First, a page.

Monday, October 24, 2011

Q & A with Will Turpin on "The Lighthouse"

Q: How does The Lighthouse differ musically from Collective Soul?

WT: Well, all of the melodies and music came out of my head as opposed to Ed Roland's. Obviously Collective Soul works as a band when we make records and this is all me. I play piano, acoustic guitar, bass, vocals and singing harmonies. It's more from one person's brain rather than five who comprise a group called Collective Soul.

Q: Why did you title it The Lighthouse? Does it have any significance?

WT: It does. There's a track on the record called "Sailor" and that song is about the fact that you can't help people unless they want to be helped. "I can't save the sailor from the storm" is the lyric and when talking about a lighthouse, if you don't follow the lighthouse you can't necessarily be saved.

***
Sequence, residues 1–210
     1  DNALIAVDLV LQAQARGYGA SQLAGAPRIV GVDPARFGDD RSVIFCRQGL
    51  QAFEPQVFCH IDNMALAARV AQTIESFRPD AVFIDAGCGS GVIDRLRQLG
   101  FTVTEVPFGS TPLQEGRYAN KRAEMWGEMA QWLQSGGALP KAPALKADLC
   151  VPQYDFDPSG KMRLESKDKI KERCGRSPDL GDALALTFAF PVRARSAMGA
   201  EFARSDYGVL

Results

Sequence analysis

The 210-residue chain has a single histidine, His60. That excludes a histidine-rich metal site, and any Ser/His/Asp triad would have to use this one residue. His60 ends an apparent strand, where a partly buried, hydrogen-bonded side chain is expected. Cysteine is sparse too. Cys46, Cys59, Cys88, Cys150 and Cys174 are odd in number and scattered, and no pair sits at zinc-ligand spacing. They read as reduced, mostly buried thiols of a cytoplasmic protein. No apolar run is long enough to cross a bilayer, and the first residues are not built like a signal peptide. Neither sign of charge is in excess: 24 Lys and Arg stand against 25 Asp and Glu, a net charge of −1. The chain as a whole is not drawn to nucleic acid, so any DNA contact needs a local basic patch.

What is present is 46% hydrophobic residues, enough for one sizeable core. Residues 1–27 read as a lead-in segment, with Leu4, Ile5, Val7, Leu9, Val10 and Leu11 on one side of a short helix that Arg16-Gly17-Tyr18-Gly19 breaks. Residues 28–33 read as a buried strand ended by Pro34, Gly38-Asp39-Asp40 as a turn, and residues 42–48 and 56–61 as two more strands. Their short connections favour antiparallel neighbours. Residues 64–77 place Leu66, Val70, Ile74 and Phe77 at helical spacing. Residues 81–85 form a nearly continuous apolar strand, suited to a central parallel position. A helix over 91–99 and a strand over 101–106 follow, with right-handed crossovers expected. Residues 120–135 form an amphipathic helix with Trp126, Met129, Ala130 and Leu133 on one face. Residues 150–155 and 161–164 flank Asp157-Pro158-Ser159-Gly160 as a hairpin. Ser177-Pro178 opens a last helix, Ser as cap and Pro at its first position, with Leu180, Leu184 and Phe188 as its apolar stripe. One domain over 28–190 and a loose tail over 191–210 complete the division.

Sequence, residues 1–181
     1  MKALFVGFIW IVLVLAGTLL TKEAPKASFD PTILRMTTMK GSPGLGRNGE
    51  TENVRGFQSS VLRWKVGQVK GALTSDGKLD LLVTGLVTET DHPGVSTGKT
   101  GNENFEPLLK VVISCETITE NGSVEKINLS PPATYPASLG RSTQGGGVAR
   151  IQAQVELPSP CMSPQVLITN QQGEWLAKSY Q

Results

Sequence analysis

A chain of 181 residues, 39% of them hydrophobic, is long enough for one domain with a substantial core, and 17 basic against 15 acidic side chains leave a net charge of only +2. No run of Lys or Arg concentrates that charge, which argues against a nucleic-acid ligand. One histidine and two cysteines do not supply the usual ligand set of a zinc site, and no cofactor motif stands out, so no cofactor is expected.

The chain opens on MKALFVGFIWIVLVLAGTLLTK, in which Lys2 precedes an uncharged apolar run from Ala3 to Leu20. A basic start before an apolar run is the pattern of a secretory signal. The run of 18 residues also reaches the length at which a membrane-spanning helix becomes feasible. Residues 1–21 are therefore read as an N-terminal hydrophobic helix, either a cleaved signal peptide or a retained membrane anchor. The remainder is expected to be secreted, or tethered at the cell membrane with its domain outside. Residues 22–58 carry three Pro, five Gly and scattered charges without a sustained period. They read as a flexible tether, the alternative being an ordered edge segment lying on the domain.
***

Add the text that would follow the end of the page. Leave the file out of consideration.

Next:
Q: What made you finally decide to do solo project outside of Collective Soul after 18 years?

WT: That's somewhat true; I have produced some stuff here and there, singer Michael Tolcher for one. Collective Soul has pretty much been a full-time job and we've stayed busy over the years, so there hasn't been much of a chance to go out and experiment on our own.

Q: It seems like this is the year that everyone in the group has a solo project going on - Joel Kosche has released Fight Years; Dean Roland partnered with Ryan Potesta on Magnets and Ghosts and Ed Roland is heading up The Sweet Tea Project. Was that a conscious decision the band made or something that just evolved?

WT: We pretty much sat down and decided we're going to take some time off from Collective Soul and recharge our batteries. We did it before in 2001 but this time it's a totally different set of circumstances. This time was a lot more thought out than our first break.

Q: Why an EP of five songs as opposed to say an entire album?

WT: I started off with 14 tunes and as I got into it, I realized how much I wanted to do. I simply didn't have as much time and resources as I wanted, so I picked fives tunes to represent a little bit about what's going on musically with myself and wanted to get it out as soon as possible. That's really the thought process behind it. The songs I chose were the ones that came together the easiest and the best in terms of representation.